This chapter assists the clinician in understanding the various techniques, beyond clinical case examples, that have helped advance neuroscience research. It provides a discussion of how some of the original research methods are now used for clinical purposes. Advances in imaging techniques have been extremely useful in understanding brain-based functioning, studies utilizing animals are numerous, and they cannot merely be replaced with advanced technology. An electroencephalogram (EEG) records electrical activity of the brain in a noninvasive manner by placing electrodes, small flat metal discs, on the scalp in order to record extracellular current flow of neurons. EEGs can be used to examine whether a patient has epilepsy, sleep disorders, mental disorder, or delirium. Clinicians need to maintain awareness and general understanding of these advances in order to better serve their patients as well as to assist in advancing the practice of psychotherapy.Source:
This chapter explores the relationship between personality disorders (PDs) and risk of suicidality. It gives special attention to the borderline PDs (BPD). Although significantly fewer, a small number of protective factors have been identified among individuals with BPD that serve to reduce the risk of suicide. These include: (1) Lower levels of impulsivity; (2) Greater emotional stability; and (3) Reward-dependent attachment style. Psychotherapy has been found to be effective for addressing the elevated risk of suicide within the context of BPD. Dialectical behavior therapy (DBT) is one of the main empirically supported treatments for reducing suicide attempts and nonsuicidal self-injury among individuals with BPD. To engage, develop a therapeutic alliance, and effectively treat individuals with BPD at risk of suicide, it is essential for clinicians to become informed of not only the risk and protective factors but also their own personal and professional beliefs regarding the disorder.
This chapter briefly mentions some of the significant changes that have taken place in psychotherapy. It shows how psychotherapists can endorse a good deal of postmodernism, can still stick largely to the scientific method, and can do effective therapy. Narrative techniques have always been used in psychotherapy, including Rational Emotive Behavior Therapy (REBT). REBT and Cognitive Behavior Therapy (CBT) aim to be more efficient and more effective than other therapies that are primarily oriented toward changing people’s dysfunctional thoughts, emotions, or actions. The chapter also shows how these can be added to and integrated with other therapeutic practices, such as person-centered, Gestalt, and psychoanalytic therapy. Recent findings in experimental psychology are important to development in psychotherapy and seem to at least partially confirm some of the main theories and practices of REBT.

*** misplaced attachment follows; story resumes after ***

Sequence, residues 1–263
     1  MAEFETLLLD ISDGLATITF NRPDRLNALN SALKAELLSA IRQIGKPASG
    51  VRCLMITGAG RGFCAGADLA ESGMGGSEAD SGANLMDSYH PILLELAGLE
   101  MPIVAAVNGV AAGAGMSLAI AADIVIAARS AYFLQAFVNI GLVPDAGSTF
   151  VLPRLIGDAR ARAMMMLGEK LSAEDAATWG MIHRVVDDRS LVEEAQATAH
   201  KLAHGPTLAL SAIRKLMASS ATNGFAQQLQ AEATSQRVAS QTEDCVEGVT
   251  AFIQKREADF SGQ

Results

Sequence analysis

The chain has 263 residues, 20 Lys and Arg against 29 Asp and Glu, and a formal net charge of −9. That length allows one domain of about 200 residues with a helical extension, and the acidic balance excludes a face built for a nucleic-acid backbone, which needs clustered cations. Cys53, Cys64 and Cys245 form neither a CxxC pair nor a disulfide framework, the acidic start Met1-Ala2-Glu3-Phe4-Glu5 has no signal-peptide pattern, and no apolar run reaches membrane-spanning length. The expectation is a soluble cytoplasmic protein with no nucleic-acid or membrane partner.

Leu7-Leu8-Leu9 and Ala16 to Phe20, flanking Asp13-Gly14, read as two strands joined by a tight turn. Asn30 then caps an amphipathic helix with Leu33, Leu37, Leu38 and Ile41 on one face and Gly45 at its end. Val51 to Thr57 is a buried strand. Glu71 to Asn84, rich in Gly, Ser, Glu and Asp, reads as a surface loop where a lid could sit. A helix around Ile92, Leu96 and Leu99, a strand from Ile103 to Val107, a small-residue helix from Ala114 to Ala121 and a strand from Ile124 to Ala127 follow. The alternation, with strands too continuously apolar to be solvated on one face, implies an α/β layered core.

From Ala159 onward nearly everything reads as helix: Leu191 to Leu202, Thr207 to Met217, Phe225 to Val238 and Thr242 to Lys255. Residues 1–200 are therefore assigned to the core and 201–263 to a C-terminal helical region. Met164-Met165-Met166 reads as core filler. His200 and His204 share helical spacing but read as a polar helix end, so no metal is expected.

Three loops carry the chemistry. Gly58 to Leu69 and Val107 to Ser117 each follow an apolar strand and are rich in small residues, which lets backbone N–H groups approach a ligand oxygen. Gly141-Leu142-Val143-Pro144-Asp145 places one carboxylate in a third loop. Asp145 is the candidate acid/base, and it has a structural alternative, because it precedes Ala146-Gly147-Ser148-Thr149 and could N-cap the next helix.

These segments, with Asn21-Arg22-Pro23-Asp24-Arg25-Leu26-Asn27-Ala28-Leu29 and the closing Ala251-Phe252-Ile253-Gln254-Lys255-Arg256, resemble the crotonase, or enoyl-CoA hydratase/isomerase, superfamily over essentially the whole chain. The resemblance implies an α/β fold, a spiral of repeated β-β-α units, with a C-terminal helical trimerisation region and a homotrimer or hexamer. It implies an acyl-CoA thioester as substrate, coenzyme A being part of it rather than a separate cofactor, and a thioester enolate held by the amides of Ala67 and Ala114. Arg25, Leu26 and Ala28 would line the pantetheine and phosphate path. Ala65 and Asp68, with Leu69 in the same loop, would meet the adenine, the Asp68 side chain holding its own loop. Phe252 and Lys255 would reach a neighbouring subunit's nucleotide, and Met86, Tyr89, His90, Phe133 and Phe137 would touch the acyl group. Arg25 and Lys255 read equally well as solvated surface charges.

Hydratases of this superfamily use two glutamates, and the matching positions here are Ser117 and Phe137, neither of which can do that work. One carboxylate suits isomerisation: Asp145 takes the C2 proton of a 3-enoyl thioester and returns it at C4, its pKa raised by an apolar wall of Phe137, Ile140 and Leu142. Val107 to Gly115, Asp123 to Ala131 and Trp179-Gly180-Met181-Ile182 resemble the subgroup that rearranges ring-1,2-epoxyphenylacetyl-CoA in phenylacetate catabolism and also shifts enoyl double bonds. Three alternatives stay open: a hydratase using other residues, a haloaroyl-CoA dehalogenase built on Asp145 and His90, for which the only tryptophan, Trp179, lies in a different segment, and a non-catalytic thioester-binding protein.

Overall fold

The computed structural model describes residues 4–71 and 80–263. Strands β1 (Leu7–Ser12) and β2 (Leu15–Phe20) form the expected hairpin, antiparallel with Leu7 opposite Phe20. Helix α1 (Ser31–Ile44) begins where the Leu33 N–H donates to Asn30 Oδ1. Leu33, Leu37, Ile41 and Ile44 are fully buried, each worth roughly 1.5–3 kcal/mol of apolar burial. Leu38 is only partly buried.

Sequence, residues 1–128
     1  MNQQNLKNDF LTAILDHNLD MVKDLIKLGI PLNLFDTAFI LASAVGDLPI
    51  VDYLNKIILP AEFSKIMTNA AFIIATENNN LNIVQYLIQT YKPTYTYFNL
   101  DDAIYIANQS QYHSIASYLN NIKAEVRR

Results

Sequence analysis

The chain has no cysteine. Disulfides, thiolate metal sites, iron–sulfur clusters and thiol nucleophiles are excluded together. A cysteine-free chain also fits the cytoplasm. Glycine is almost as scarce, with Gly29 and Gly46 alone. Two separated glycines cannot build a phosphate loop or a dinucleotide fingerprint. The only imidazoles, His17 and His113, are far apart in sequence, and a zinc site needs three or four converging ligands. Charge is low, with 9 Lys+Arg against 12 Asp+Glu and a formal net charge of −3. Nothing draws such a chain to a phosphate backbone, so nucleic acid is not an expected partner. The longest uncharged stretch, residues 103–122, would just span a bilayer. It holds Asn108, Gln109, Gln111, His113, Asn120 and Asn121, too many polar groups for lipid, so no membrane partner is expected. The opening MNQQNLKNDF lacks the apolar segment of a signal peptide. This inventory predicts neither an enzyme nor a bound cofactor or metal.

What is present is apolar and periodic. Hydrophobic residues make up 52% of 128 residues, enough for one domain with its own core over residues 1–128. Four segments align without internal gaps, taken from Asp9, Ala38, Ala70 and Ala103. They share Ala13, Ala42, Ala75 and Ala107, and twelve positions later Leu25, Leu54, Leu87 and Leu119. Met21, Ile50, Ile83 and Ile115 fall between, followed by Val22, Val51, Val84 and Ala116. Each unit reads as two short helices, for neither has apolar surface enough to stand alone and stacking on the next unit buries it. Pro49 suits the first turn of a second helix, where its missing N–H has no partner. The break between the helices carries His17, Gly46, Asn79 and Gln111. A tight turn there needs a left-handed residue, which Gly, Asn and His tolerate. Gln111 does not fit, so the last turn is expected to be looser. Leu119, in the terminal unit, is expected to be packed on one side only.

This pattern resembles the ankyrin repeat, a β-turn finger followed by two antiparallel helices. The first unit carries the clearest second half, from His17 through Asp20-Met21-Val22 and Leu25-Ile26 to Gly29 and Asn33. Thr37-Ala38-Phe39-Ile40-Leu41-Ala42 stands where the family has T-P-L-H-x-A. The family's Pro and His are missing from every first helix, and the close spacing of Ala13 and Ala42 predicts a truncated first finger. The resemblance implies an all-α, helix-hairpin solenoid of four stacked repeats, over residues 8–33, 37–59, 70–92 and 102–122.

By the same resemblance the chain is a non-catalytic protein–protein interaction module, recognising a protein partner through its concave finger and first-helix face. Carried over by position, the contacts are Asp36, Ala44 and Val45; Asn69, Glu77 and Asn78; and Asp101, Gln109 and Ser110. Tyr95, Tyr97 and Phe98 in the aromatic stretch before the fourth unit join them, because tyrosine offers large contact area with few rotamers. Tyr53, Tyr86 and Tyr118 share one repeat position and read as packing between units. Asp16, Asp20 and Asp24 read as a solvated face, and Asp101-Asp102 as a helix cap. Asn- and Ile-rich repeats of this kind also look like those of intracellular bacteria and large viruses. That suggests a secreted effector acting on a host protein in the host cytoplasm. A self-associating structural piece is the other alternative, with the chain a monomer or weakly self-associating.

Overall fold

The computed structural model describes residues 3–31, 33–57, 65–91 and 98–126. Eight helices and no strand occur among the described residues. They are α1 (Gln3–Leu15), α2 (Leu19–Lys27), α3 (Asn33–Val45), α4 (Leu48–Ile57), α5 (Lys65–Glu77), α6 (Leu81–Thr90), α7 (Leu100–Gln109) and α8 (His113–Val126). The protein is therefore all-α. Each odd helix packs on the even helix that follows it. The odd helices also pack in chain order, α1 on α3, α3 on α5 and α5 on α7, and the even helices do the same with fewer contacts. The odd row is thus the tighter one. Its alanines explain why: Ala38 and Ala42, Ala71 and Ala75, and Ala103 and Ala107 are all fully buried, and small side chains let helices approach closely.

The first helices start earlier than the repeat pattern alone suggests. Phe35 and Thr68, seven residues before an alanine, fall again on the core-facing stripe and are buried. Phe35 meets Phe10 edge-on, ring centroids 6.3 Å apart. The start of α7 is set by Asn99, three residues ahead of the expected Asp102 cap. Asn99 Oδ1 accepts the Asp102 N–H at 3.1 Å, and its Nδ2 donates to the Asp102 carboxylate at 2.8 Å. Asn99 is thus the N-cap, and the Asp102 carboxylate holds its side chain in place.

Microskills are the basic foundational skills involved in effective counseling that facilitate the process of counseling and alliance formation. The success of counseling interventions depends largely on these skills, which help to create the necessary conditions from which positive change can take place. Children and adolescents are in the process of developing emotional competency. Often, due to their own challenges, parents and other adults in their lives have modeled avoidance of uncomfortable feelings. Many expressive techniques have been used to compliment a wide range of psychotherapy and counseling theories, including psychoanalytic, object relations, cognitive-behavioral, humanistic, transpersonal, and others. Without formal training in play or art therapy, counselors can simply utilize play and drawing to help children relax, to be creative, to be active in their treatment, to use their imagination in corrective ways, and to develop the therapeutic environment and relationship.